Separating truth from propaganda in the I/P conflict isn't always difficult. One good rule of thumb is that if someone on "the other side" says something so outrageously hateful that - for your purposes - it sounds too good to be true, then it probably is.
One well-circulated quote that has always seemed to me to be an obvious fraud is this one, allegedly spoken by Ariel Sharon to Shimon Peres on 3 October 2001, and allegedly reported on Kol Yisrael radio:
I want to tell you something very clear, don't worry about American pressure on Israel, we, the Jewish people control America, and the Americans know it.Do you really believe that the Prime Minister of Israel blithely reaffirmed the old antisemitic canard about "the Jews" ruling the world, and that Voice of Israel included it in one of its news reports? Did he follow it up with, "And now Shimon, let us feast on the blood of Christian babies", or some other ludicrous Jewish caricature? God knows I'm no defender of Ariel Sharon, but there's no way he ever said any such thing. I don't know who first came up with that "quote", but I'd bet my car it wasn't Ariel Sharon. I'd bet it was fabricated by someone who themselves peddles antisemitic stereotypes, and made it up because it fit in with their own prejudices. Admittedly, my car is a 12-year-old Geo Metro, whose inoperative air conditioning system and cracked exhaust means that its resale value is about negative $1900, but the principle still stands.
And the NY Times fell for the same racist hate speech when it published an ad on behalf of the AJC yesterday. Here's the ad (click to enlarge):
I can't vouch for the accuracy of either of the quotes attributed to Hamas figures: either what they said, or what the context was. But just at a glance I know there are problems with the other two quotes. It's fairly widely known that "Israel must be wiped off the map" isn't exactly what Mahmoud Ahmadinejad said, but that he instead expressed the hope that the Zionist regime ruling over Jerusalem would disappear from the pages of history, just as Baathist rule in Iraq, Communist rule in the USSR and white rule in apartheid South Africa did.
And if the quote attributed to the Iranian President is problematic in that it is based on a twisted translation of what he really said, the problem attached to the genocidal anti-Jewish sentiment attributed to Hizbullah leader, Hassan Nasrallah - If the Jews all gather in Israel it will save us the trouble of going after them worldwide - is even worse.
As I have referenced in an earlier post, the problem with that quote is that Nasrallah almost certainly never said it. It is a quote attributed to Nasrallah on anti-Muslim websites just as frequently as the Ariel Sharon quote appears on conspiracy theory sites. But, as journalist Charles Glass pointed out in a letter last October to the London Review of Books, the senior staff at the Lebanese Daily Star newspaper, which is credited as the original source of the quote, don't believe that Nasrallah ever said it, and deny that the journalist who supposedly first scooped the "quote" ever interviewed Nasrallah.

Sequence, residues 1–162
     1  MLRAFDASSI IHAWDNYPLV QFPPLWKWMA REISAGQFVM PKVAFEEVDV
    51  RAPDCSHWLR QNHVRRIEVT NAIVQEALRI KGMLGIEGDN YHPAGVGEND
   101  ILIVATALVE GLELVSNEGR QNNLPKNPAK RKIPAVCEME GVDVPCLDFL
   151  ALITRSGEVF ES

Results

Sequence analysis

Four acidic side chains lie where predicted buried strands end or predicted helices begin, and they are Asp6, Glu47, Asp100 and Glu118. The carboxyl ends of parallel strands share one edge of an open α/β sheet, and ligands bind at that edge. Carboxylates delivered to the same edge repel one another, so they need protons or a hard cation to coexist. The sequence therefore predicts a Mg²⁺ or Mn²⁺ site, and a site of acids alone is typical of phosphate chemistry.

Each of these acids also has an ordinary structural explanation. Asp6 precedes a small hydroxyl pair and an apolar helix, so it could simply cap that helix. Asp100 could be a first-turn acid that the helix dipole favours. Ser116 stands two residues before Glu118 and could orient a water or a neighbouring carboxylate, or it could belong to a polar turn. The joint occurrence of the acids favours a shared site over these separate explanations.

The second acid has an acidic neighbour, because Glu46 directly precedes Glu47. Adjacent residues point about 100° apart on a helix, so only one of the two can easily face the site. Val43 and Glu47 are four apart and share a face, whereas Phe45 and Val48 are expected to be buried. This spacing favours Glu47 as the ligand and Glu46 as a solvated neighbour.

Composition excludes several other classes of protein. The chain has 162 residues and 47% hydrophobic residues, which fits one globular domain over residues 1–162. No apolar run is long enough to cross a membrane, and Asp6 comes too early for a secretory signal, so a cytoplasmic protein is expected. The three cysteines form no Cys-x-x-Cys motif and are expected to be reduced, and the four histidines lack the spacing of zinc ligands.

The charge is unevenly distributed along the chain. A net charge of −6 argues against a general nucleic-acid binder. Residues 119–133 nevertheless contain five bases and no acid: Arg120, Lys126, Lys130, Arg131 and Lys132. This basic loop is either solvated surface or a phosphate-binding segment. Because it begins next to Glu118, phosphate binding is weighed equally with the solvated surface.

Too fair to Hizbullah
From Charles Glass
Eugene Goodheart asks whether I am familiar with two statements he attributes to Hizbullah’s secretary-general, Sayed Hassan Nasrallah (Letters, 7 September). Goodheart uses the inflammatory quotations to accuse Nasrallah of being ‘an anti-semite with fantasies of genocide’. If I am unfamiliar with the statements, it is because they are in all likelihood fabrications. The first (‘If they [the Jews] all gather in Israel it will save us the trouble of going after them worldwide’) was circulated widely on neo-con websites, which give as its original source an article by Badih Chayban in Beirut’s English-language Daily Star on 23 October 2002. It seems that Chayban left the Star three years ago and moved to Washington. The Star’s managing editor writes of Chayban’s article on Nasrallah, that ‘I have faith in neither the accuracy of the translation [from Arabic to English] nor the agenda of the translator [Chayban].’ The editor-in-chief and publisher of the Star, Jamil Mrowe, adds that Chayban was ‘a reporter and briefly local desk sub and certainly did not interview Nasrallah or anyone else.’ The account of Nasrallah’s speech in the Lebanese daily As Safir for the same day makes no reference to any anti-semitic comments. Goodheart’s second quotation – ‘They [the Jews] are a cancer which is liable to spread at any moment’ – comes from the Israeli government’s website at http://tinyurl.com/99hyz. For the record, a Hizbullah spokeswoman, Wafa Hoteit, denies that Nasrallah made either statement.
Goodheart wonders whether, as a former captive of Hizbullah, I may have succumbed to Stockholm syndrome; may I ask in return whether he is succumbing to the disinformation that passes for scholarship and journalism in certain quarters in the United States?
What really makes me sick about this is that if some antisemitic organisation with its own agenda to push had tried to post an ad inciting hatred of Jews in the NY Times, based on the "We Jews rule the world" comment, I am sure that all sorts of alarm bells would have gone off at the Times. I really don't believe that such an ad would ever have seen the light of day. But apparently you can get any hateful untruth or half-truth published with no trouble at all, so long as you target it at the kind of people we are conditioned to see as hate-filled caricatures. Truly, there is no hateful, inciting propaganda you cannot get away with in mainstream American discourse today, so long as your target is an Arab or a Muslim.